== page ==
Posted on February 15, 2015
Seattle Yo-Yo Story
I’m just getting back from a short stay Seattle where I helped judge the Pacific Northwest Regional Yo-Yo Contest. It was one of the first contests I’ve judged in years, and one of the longest stays in Seattle I’ve had since my first trip 15 years ago. The trip where I bought a yo-yo that would almost instantly send my life in a whole new direction.
On March 3rd, 1998 I flew out to Seattle with dreams of getting signed to a record label. It was a week before my 21st birthday. I was living in Lewisburg, TN and had been communicating with someone at K Records about my music. I sent them some tapes and they said “These are great, you should come visit us sometime.” I took that as “Come get signed to our label!”.
My plan was to spend most of my stay in Olympia, but the first thing I did when I arrived in Seattle was head straight to the top of the Space Needle. I was a big World’s Fair nerd at the time, and was trying to visit all of the old fairgrounds in the US. After enjoying the view, I stopped by the Space Needle’s gift shop to buy a little souvenier for my collection.
A Space Needle yo-yo was $1.49. A Space Needle snow globe was $1.99. So I went with the cheaper option.
During my week in Olympia I carried my new yo-yo everywhere. I was terrible and the yo-yo was just a cheap wooden yo-yo, but it kept me busy as I walked around town each day.
I obviously didn’t get signed to K Records. I met with the dude, who just worked in shipping or whatever, and we just chatted. He played in Godspeed Ye Black Emperror half the year, and worked the warehouse the other half. I met several folks just like him. Folks that I idolized for their art, zines, and/or music. Many of whom were homeless. Well technically homeless. Some lived in vans, or couch surfed, and just made albums and played shows all the time.
I realized on that trip that there were many super talented people out there who were just more passionate about making music than I was. Don’t get me wrong, I love it, but I love having a place to stay too. The nomadic lifestyle was just not something I was interested in.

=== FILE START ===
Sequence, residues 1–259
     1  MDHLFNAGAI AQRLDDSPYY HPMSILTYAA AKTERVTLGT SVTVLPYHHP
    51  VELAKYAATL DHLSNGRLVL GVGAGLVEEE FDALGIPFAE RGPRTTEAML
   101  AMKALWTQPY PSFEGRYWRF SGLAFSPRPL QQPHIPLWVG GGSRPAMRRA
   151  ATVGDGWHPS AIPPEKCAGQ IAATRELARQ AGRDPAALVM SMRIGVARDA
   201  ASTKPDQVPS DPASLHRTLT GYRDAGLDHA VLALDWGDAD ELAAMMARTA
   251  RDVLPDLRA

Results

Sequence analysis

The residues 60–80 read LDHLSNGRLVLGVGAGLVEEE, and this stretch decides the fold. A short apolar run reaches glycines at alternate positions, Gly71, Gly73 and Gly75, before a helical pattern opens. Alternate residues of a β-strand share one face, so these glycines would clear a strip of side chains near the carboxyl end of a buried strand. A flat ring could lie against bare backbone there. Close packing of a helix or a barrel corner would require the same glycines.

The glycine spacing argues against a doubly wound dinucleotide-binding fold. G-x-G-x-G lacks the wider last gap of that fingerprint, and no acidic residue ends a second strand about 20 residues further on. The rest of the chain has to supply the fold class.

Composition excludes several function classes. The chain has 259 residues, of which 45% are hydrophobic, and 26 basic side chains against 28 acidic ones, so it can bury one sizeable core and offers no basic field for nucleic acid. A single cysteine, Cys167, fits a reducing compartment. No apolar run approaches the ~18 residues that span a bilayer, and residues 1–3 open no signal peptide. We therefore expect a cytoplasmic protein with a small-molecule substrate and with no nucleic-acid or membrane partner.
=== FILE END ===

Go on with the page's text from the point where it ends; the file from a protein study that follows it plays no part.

I left Tennessee with dreams of getting signed. When I came back I decided what I really wanted was just to find some job I didn’t hate, so I could afford to make my own music at night. A big change, but it probably made me a happier person in the end.
On the day I came back from Seattle, the day after my 21st birthday, I made a quick stop at Cool Springs Mall for a quick bite to eat before I headed back to my small town. The mall was just opening and I noticed a man opening a brand new kiosk called “Yo Momma’s Yo-Yo Store”. As he was opening up shop for his first day, I walked up and asked if I could try one of his toys. He handed me a Yomega Fireball, which was one of the new wave of trans-axle yo-yos that were just catching on in Hawaii and California.
Impressed with my skills (and the fact that there weren’t any other 21 year-olds who carried a yo-yo with them) he offered me a job. A month later a huge yo-yo boom hit the nation and we could barely keep them in stock. 3 months later he was opening his second shop and made me a manager of the Cool Springs location. 6 months later I was the regional manager, traveling to new cities to hire and train staff for his growing empire. 12 months later I entered the World Yo-Yo Contest and got 3rd place. I was lucky enough to there right before the yo-yo boom and it was just the beginning.
I moved to Virginia, then Chattanooga, then bought the business and opened my final store in St. Louis. When the dust settled down, I moved to Minneapolis to manage a toy store in the Mall of America. I lived there for about 4 years when I was asked by a friend to to do one quick show in San Francisco, where I fell in love with the town (and weather) and decided never to leave. I met Christine here, made some video games and a bunch of art, and kept making music in spare time, just like I decided to do 15 years ago.
All those cities I lived in, people I met, opportunities I had, all came down to a little green souvenir I bought in Seattle right before my 21st birthday. Sometimes I wonder how completely fucking different my life would be right now if that snow globe had been 50 cents cheaper.